Stormy with a Chance of Lawmaking
By Christina L. Lyons
Forecasting what Frederick County citizens can expect to blow in from Annapolis during the upcoming legislative session
Septic systems, manure, synthetic marijuana and even that pest of a stink bug will be just a few of the issues for Frederick County that will be in the air wafting up from Annapolis when the Maryland General Assembly convenes on Jan. 9, 2013, for its 433rd session. But what else is blowing in the political wind that could hit us here like a legislative hurricane Sandy? Here’s a forecast of what Frederick citizens can expect from the State House.
Among the top issues impacting Frederick County are Gov. Martin O’Malley’s (D) PlanMaryland and efforts to meet Clean Water Act mandates — more specifically, new regulations on stormwater pollution runoff and septic systems. Local lawmakers, developers and farmers want to battle new mandates and fees, while conservationists want to bar any rollback of regulations and convince opponents the costs are worth it.
Frederick’s all-Republican board of county commissioners is hoping for an exemption from a new mandate requiring jurisdictions to levy a stormwater remediation fee. County commissioners and developers find the fee potentially divisive among the construction industry. The Chesapeake Bay Foundation lauds it as a “smart investment” to enable better management of stormwater runoff that the organization says accounts for about 20 percent of pollution in the bay; Del. Galen Clagett (D-District 3A) also defends the purpose of the measure.
And the commissioners want to reiterate opposition to the Sustainable Growth and Agricultural Preservation Act passed in the last session, which limits where residential septic systems can be installed. The law requires counties to create a four-tier system for septic use, essentially restricting the potential locations for residential subdivisions. State Sen. David Brinkley (R-District 4) strongly opposed the “septic bill” during the 2012 session, stating that it could take away property rights and “be devastating to farm communities [and] to forest communities.”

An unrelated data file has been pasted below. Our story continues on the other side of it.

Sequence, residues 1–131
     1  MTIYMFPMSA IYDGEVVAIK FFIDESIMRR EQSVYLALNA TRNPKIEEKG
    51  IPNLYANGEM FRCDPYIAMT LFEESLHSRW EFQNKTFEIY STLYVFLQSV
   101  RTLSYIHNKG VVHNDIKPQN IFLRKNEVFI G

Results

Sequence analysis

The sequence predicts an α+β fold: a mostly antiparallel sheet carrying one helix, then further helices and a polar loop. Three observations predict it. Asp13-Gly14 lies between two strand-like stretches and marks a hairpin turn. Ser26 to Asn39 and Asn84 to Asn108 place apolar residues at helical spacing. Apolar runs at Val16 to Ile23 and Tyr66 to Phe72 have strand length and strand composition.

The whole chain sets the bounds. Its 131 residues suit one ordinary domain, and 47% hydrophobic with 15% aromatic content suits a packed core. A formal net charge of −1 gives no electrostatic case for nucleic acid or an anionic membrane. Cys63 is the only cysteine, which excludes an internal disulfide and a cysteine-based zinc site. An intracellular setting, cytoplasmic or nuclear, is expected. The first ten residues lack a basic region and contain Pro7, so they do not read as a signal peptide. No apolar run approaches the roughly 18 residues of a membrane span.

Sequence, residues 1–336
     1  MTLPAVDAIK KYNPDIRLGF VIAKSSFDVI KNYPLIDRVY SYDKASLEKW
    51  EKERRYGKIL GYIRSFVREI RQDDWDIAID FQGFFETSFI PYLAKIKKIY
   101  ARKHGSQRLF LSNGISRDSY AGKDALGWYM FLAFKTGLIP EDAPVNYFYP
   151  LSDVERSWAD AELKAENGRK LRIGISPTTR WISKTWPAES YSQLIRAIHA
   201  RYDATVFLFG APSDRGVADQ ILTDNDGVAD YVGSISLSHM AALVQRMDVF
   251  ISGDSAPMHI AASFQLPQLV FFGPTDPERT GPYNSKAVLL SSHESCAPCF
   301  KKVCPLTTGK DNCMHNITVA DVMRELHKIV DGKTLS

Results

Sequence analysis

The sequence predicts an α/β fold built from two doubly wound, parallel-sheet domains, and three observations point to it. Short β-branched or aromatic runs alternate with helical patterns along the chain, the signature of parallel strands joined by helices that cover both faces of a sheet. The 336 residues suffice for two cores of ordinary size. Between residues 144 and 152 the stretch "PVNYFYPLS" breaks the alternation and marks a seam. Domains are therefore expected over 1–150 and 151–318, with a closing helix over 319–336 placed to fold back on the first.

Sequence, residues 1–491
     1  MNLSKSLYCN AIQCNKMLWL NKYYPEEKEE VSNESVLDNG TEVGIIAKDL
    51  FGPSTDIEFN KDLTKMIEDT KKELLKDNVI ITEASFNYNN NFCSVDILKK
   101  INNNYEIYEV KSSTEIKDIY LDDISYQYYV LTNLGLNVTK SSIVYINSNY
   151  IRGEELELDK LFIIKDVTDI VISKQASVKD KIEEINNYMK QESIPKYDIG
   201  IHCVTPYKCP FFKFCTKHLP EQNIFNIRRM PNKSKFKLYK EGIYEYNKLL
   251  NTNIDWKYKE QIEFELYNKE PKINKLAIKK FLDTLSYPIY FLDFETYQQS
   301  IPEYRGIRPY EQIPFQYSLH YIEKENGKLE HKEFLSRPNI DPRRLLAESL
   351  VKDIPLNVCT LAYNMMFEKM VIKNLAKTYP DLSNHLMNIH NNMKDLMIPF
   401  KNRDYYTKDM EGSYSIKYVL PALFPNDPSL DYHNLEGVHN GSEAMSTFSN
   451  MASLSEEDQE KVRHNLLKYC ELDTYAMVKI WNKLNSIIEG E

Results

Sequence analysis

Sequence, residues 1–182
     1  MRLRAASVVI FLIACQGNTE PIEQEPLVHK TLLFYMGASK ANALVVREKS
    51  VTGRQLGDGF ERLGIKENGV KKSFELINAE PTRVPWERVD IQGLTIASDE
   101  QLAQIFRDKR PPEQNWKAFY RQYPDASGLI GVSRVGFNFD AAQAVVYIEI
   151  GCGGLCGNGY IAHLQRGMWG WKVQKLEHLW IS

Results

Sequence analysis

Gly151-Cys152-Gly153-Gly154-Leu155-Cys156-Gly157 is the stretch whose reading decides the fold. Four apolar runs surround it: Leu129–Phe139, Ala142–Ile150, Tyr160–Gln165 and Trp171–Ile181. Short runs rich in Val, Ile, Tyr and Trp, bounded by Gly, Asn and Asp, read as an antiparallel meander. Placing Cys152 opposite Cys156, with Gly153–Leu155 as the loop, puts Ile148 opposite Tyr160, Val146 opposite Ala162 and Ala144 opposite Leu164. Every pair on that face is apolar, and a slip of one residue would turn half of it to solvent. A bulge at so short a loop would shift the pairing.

Local lawmakers aren’t too happy either about new regulations the Maryland Department of Environment (MDE) began drafting in early 2012 that call for the installation of nitrogen-removal technology for all septic systems serving new construction. The aim, says the MDE and other environmental groups, is to reduce the amount of nitrogen released into the ground. Brinkley, who was a member of the Maryland Task Force on Sustainable Growth and Wastewater Disposal last year and was a minority voice in opposing such a requirement, says the MDE’s purview in this area is not clearly stated in legislation. He tried unsuccessfully to bar the MDE proposal by amending a budget bill, and he may return to this environmental issue.
“PlanMaryland, the septic bill and the stormwater regulations,” asserts county commissioners president Blaine Young, ticking off his list of objectionable laws, “we’re seeing the largest assault on local land use decisions that we have ever seen on the state level.” He helped form the Maryland Rural Counties Coalition (which at last count included nine jurisdictions) to continue fighting against such regulations.
“We’re hoping the legislature will wake up and realize these regulations are not needed,” says Young, who has launched a bid for governor in 2014. “I call it ‘O’Mallycare,’ like ‘Obamacare.’ It’s a usurpation of local land use authority, which in my opinion is not needed.”
Janice Wiles, executive director of the nonprofit citizens’ action group Friends of Frederick, believes these are quality of life issues. “It is so important that we push for strong rural economies, healthier communities, a stronger tax base and clean water — and recognize that the groups opposed to these policies are really failing citizens by trying to deny them the quality of life that citizens and taxpayers deserve.”
John Brognard Sr., vice president of conservation for the Mid-Atlantic Council of the Federation of Fly Fishers, understands the “stormwater remediation fee is basically another tax and no one wants more taxes,” he says. “But this fee will be used to improve the way stormwater is moved into our streams and reduce pollutants going into our streams … [and] reduce the amount of sediment and pollution that Frederick County contributes to our Chesapeake Bay.”
Spreading Manure and More
Some farmers say the new septic regulations could limit the development value of their land. And they balk at efforts to limit the spreading of manure on fields during the winter months. Lawmakers dropped legislation last session but could bring it up again, even while the MDE considers new regulations.